The third of the legendary West Indies’ Ws, Sir Everton Weekes passed away yesterday at the age of 95.
The numbers are simple, and great. Weekes played 48 Tests between 1948 and 1958 and amassed 4,455 runs at an average of 58.61. At one stage, between March and December 1948, Weekes registered five successive Test centuries and insisted if it wasn’t for what he called ‘an umpiring error’ -- he was adjudged run-out on 90 -- it would have been six. He passed 1000 Test runs in 12 innings -- one fewer than Sir Don Bradman -- the fastest to the milestone ever. Only nine men who have batted a minimum of 20 times in Test cricket have a higher average than his.
As tributes poured in from across the globe, the picture of a man defined not just by his cricketing achievements but also ones which transcended sport slowly began to emerge. Weekes was born in extreme poverty in Barbados. He quit school at the age of 14 and was barred from playing cricket at his local club Pickwick as they only permitted white players. He was allowed to enter the hallowed Kensington Oval -- Pickwick’s home ground -- early in the morning before the gates opened to help roll the pitch and cut the grass.
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In the fading days of British colonialism, Weekes, Worell and Walcott -- three men who shared not just the opening alphabet of their second names, but also batting records that have stood the test of time -- broke the long-standing racial barrier of a sport always held as a badge of excellence by the islands of the Caribbean. Sir Clyde Walcott was the first black captain of British Guyana in 1956, Sir Frank Worrell the first captain of the West Indies and Weekes of Barbados in 1960. Incidentally, they all grew up within a mile of each other and even had their debuts within days of each other.
Weekes earned his West Indies debut aged 23 in 1945 and holds the remarkable record of having hit just one solitary six in his 81 Tests -- against Australia in 1955. The story of that six is the story of the man.
In an interview with the legendary sports broadcaster Tony Cozier, Weekes explained the logic behind why he never hoisted the ball in the air. He credited his childhood for cleaning up his technique. "If you hit the ball in the air and broke someone's window, you weren't getting that ball back, so we had to keep it on the ground."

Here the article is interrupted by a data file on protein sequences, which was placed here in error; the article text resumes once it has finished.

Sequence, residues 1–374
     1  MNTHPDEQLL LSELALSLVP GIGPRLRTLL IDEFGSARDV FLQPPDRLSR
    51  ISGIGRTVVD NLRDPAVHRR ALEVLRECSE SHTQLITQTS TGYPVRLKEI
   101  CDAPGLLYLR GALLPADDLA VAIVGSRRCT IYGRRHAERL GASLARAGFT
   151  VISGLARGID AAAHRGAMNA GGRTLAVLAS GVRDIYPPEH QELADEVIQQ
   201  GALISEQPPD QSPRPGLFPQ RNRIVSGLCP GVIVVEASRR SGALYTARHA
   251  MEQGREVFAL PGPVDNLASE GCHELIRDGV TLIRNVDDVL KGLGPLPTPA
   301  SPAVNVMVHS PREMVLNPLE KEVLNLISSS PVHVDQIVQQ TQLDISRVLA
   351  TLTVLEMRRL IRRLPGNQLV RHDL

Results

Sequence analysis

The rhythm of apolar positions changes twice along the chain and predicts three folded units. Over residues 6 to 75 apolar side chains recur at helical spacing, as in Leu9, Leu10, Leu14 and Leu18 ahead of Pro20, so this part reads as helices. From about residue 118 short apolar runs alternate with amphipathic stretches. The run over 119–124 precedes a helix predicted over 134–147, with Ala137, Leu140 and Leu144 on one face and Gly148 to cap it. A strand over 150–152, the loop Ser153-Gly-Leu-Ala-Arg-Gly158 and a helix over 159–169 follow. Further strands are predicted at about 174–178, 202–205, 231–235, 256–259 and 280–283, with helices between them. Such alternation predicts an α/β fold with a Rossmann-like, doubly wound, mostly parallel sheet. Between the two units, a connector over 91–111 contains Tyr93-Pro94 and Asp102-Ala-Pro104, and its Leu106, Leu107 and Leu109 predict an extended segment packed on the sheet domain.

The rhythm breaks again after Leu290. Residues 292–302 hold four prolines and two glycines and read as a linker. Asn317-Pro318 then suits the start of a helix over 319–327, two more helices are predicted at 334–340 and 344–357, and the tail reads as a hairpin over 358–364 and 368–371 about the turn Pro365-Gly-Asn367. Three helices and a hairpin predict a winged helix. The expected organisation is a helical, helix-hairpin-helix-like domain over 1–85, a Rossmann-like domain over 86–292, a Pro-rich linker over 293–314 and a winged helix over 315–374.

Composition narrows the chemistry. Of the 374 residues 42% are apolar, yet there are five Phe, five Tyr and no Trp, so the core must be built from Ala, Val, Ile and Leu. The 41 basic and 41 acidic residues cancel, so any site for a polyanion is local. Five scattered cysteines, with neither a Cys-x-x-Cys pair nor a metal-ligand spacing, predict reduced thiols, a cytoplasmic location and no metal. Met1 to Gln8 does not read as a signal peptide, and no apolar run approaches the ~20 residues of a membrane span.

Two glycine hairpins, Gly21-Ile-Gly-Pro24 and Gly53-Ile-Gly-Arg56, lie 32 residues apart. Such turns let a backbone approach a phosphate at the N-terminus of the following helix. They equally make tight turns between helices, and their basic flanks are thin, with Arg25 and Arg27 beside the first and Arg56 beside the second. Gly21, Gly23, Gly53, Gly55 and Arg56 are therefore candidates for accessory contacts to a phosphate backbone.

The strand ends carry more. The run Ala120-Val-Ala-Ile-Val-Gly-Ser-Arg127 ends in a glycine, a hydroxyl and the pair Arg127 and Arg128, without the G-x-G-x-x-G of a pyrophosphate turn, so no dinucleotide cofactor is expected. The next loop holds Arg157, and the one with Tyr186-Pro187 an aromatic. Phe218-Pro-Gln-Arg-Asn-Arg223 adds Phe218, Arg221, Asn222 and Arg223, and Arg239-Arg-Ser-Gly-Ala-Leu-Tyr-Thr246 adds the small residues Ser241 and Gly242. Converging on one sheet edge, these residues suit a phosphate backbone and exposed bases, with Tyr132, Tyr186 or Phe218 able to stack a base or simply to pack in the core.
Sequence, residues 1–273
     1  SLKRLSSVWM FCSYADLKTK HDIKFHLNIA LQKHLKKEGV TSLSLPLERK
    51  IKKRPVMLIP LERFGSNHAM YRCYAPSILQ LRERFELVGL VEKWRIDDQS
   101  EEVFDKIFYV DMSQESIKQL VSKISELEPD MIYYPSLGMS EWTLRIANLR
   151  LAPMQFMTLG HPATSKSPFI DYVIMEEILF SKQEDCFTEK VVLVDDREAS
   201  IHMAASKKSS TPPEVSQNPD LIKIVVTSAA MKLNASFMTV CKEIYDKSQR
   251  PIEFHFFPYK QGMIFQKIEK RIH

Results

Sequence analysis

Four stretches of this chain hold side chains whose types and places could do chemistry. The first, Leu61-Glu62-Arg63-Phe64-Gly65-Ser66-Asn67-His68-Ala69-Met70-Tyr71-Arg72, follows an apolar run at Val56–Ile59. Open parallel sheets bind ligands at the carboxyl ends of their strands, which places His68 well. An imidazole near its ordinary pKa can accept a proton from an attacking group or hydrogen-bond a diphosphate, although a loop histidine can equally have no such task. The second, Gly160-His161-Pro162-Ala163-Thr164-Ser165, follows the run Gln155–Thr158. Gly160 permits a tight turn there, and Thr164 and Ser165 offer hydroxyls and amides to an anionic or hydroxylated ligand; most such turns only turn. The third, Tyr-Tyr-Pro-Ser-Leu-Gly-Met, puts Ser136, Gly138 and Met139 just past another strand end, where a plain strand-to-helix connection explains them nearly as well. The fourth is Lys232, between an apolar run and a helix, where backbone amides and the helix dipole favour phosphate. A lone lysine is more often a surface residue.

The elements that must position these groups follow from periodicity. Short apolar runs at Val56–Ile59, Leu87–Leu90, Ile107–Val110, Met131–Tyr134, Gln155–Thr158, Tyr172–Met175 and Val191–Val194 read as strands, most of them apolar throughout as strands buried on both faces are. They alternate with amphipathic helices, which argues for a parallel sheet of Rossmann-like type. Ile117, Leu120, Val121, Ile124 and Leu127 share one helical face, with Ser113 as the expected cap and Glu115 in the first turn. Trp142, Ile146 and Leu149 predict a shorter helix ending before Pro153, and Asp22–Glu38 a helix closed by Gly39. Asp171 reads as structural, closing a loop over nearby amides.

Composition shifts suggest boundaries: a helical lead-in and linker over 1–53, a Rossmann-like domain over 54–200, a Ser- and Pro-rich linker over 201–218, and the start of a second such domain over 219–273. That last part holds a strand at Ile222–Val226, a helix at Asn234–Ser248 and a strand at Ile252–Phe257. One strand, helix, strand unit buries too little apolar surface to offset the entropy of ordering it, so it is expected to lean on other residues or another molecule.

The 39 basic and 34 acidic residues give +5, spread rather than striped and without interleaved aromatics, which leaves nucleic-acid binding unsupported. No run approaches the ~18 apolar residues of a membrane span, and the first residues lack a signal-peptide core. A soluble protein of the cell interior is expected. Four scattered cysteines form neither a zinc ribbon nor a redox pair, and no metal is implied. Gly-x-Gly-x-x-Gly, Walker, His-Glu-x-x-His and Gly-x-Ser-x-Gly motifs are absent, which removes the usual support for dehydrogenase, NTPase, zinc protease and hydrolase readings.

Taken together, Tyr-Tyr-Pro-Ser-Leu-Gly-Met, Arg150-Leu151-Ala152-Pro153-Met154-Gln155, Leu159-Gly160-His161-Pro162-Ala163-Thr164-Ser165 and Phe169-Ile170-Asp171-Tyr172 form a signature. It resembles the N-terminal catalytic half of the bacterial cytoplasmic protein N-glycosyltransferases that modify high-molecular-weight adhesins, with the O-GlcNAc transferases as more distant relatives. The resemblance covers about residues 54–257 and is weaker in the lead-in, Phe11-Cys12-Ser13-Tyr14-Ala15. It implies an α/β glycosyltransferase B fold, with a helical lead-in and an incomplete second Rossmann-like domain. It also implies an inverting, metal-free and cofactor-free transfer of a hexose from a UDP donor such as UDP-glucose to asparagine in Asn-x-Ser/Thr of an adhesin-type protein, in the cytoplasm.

The story of that six is simple enough too. With the match petering out to a draw at the Queen’s Park Oval in 1955, Weekes allowed himself the liberty of hoisting Bill Johnston over long-on.
"If you only hit one six in your Test career you should remember it, shouldn't you?" Weekes said in that interview with Cozier.
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Prodded by Cozier to explain another six etched against his name in Calcutta in 1948, Weekes (90 years old at the time of the interview) remembered what happened eloquently and clearly.
"Yes, I remember it. They were overthrows. We'd run two when the ball came in from the deep field and it was so wide of anyone, it went on to the boundary," he said. So still a solitary genuine six.
On that same tour, Weekes produced successive innings of 128 in Delhi, 194 in Bombay and 162 and 101 in Calcutta. He would have had his sixth consecutive century but he was run out for 90 in Madras.
Weekes was 32 when he retired from Tests; his 197 at Kensington Oval in the first match of West Indies’ series against Pakistan in 1958 his only hundred on the ground he had known since he was a boy. He continued leading Barbados for another six years and, in 1965, aged 40, was coaxed into leading a Barbados youth team in a two-day match against Australia. His class was still evident in his 105. He retired at tea.
Retired West Indies fast bowler Ian Bishop in Weekes’ remembrance had perhaps the simplest words to offer. “I had the great privilege of spending time in the company of Sir Everton on several occasions over the past two decades,” Bishop said. “Never once did I leave his presence without feeling a sense of warmth, cheerfulness & having learnt something rich & endearing each time. A truly great human being,” he added.
His batting partners Worell and Walcott are both buried at The Three Ws Oval on the outskirts of Bridgetown in Barbados. While his family’s wishes are unconfirmed, it is well known that a plot amid the bougainvillea has been left vacant for Weekes should he wish to join them.
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